How to Calculate Settlement Amounts

By David Carnes
How to Calculate Settlement Amounts

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Personal injury settlements are rather difficult to negotiate, because insurance companies are for-profit businesses that do their best to reduce expenses. Thus the amount of an insurance company's first offer is likely considerably less than the amount they believe your claim is worth. For this reason, it is important to understand some of the basics of how to calculate a personal injury settlement amount.

Calculate your medical expenses that can be supported by documentation. These include doctor bills, transportation to clinics and hospitals--including by ambulance--prescription and non-prescription drugs, and other expenses.

Calculate your anticipated future medical expenses, if any. Your health care service provider should be able to help you with this.

Calculate your indirect damages, such as lost wages and child care. Indirect damages include any tangible, quantifiable losses that would not have occurred but for the injury.

List your general damages. These may include loss of a promotion or of an entire career, loss of ability to perform day-to-day tasks due to disability, loss of ability to have sex--known as "loss of consortium"--and physical and mental pain and suffering. As a general rule, losses that are intangible or difficult to quantify are classified as general damages.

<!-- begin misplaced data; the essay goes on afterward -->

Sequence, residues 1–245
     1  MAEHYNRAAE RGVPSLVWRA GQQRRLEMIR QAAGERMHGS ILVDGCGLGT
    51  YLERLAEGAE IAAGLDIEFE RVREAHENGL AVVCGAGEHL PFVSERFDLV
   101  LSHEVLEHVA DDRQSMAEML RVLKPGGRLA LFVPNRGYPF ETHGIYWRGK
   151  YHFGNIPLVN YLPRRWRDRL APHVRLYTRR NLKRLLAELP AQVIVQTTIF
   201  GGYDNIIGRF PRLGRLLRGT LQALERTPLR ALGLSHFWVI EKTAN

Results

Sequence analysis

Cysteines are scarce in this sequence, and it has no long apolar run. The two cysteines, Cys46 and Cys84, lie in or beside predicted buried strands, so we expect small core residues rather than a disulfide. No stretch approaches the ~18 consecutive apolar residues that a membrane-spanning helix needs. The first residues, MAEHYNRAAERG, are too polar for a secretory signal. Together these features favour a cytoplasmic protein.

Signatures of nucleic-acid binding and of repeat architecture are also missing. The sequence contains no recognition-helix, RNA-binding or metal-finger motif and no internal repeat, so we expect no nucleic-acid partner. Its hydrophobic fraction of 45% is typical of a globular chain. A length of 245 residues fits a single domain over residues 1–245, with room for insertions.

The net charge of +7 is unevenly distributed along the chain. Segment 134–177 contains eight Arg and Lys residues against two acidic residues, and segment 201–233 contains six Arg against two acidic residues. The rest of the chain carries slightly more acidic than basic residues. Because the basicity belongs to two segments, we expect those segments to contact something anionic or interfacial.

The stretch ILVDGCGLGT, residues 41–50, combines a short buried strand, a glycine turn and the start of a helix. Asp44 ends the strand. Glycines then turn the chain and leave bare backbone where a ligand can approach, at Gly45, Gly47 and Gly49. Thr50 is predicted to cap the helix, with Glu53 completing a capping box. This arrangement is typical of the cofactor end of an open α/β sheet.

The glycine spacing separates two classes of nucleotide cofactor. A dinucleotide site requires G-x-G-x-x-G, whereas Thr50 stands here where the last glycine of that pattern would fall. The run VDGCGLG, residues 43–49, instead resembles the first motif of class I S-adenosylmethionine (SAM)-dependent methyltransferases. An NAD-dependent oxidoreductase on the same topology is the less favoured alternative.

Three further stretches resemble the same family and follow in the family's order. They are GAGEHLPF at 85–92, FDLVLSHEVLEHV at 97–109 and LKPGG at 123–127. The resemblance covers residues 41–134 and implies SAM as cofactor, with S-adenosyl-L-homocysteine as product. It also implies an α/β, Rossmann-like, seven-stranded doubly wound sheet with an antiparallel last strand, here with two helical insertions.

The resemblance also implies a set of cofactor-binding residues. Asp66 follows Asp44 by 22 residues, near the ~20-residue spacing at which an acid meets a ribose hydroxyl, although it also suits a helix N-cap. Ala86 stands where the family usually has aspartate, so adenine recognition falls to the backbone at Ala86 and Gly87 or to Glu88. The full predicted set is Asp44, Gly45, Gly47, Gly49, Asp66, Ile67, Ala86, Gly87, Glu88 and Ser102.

Add together your damages from Steps 1 through 3. These are your "special damages." Since juries tend to award general damages equal to 100 percent to 300 percent of special damages, calculate the amount of your general damages within this range, according to how serious these damages are. If your general damages cause you particular hardship, you may adjust this figure upward to as much as 500 percent of special damages.

Add together your special and general damages to come up with a preliminary settlement amount.

Check the website of your local county court to find recent damage awards for injuries similar to your own. This will give you an idea if your calculation is realistic or not. Adjust your calculation upward or downward as necessary.

About the Author

David Carnes has been a full-time writer since 1998 and has published two full-length novels. He spends much of his time in various Asian countries and is fluent in Mandarin Chinese. He earned a Juris Doctorate from the University of Kentucky College of Law.

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